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Budget insurance has a unique set of reputation issues. It’s because of the structure of the marketplace which creates certain practices that make budget insurance brokers look like the ‘Ryanair’ of insurance.

Most budget insurance is sold through comparison sites and for anyone who has been on these sites, the prominent providers are the ones who offer the lowest price for the best cover. So brokers like Igo4 have created insurance products especially for this situation.

So when a motorist has to have insurance because it’s a legal requirement, they will often just go for the cheapest product that keeps them from being pulled up by the police.

The catch with this huge emphasis on cost, is something has to ‘give’. In the case of budget insurers  it is usually service and coverage levels.

Reputation

When there is a combination of legal requirement i.e. you have to do this, many unknowns and complexity with the insurance itself, you have a toxic mix that usually spills over to the internet in the form of frustrated consumers doing what they think is a service to others by giving companies like Igo4 terrible reviews online.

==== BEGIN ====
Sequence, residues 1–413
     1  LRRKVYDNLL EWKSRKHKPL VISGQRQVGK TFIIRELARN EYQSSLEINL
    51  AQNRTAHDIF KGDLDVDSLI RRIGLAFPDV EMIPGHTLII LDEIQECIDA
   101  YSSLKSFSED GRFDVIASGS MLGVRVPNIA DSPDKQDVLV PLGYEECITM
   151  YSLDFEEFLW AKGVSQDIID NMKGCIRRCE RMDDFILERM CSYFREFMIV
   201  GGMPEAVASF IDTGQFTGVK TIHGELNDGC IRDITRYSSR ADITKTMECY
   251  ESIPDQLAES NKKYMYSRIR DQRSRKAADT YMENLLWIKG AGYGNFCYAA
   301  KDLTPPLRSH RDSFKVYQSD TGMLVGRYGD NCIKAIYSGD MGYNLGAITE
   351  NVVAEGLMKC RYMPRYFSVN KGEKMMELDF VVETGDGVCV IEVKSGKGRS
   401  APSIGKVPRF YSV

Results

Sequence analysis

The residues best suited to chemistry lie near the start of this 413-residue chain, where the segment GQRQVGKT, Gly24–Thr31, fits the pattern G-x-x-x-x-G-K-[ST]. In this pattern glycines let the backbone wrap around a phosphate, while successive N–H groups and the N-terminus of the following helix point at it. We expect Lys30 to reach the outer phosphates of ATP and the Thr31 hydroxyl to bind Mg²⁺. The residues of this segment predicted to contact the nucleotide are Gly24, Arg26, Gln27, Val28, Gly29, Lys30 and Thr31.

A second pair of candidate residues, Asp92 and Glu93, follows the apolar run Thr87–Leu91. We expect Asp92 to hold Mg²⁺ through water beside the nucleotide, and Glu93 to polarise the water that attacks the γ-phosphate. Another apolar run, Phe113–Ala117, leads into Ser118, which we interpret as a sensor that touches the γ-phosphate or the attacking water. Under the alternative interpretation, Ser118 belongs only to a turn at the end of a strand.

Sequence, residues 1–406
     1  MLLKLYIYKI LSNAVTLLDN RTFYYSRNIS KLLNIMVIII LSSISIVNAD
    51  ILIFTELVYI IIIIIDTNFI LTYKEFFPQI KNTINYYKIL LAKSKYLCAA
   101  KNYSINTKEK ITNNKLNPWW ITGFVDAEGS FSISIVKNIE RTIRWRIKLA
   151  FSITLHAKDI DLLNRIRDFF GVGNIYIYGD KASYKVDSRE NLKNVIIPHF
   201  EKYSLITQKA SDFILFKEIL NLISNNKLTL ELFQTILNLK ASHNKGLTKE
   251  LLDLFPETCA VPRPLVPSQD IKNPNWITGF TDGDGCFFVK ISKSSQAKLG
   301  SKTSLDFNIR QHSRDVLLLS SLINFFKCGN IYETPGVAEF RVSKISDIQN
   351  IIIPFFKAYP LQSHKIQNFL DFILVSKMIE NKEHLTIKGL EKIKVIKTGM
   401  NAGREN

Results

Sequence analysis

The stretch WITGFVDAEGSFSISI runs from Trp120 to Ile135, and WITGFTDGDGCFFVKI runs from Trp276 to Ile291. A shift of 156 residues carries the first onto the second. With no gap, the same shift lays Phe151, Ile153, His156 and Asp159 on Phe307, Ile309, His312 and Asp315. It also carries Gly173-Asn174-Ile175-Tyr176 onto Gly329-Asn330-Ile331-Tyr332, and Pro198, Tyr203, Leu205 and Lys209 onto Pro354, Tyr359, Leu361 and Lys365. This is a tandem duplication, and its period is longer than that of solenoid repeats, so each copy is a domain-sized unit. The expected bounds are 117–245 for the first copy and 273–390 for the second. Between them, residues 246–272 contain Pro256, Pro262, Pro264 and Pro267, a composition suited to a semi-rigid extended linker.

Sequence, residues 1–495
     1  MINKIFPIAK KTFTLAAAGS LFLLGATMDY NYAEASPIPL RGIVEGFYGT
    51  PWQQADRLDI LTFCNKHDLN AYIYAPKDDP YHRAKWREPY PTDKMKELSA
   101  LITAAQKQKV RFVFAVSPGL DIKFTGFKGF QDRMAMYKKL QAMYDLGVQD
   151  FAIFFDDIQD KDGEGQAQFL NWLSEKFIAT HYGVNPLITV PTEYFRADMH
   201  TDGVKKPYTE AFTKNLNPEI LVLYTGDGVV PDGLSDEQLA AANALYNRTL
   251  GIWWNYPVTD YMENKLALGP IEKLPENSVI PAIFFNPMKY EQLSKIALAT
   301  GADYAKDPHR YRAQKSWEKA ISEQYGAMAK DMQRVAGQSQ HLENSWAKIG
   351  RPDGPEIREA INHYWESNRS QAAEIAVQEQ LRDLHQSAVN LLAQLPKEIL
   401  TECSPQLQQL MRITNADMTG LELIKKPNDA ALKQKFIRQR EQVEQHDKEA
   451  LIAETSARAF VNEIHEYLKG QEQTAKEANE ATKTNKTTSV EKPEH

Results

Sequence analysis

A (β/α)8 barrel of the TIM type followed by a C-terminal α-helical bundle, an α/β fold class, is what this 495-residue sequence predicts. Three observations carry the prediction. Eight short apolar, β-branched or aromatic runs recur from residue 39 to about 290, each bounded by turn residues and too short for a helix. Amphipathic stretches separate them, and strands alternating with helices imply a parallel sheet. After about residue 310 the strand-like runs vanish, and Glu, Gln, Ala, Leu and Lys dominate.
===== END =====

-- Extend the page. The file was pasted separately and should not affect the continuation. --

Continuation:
• The perception: Igo4 is terrible on customer service and steals your money.
  • The reality: Customers ‘forget’ to give Igo4 information like correct home addresses, number of penalties on their licences and other things that affect premiums and so they buy a policy for £X but when the validation process happens it turns out the insurance premium should be £Y.

They have a choice, cancel the policy and pay a cancellation fee or pay the difference if the new policy is higher (If it’s lower, customers get a refund).

Legally Igo4 will have 28 days from when the policy has started to sort everything out. Consumers sometimes ignore the broker trying to contact them , hoping the problem will go away.

But because the broker HAS to resolve the issue, they will finally resort to withdrawing the funds from a customers account. It’s justifiable because a driver has to be insured when on the road.

With this backdrop budget insurers have a blighted reputation online.

To tackle these structural issues, Igo4 has approached the problem in four ways:

1. Consumer education

Legal regulations mean that insurance companies face being liable for drivers who are uninsured.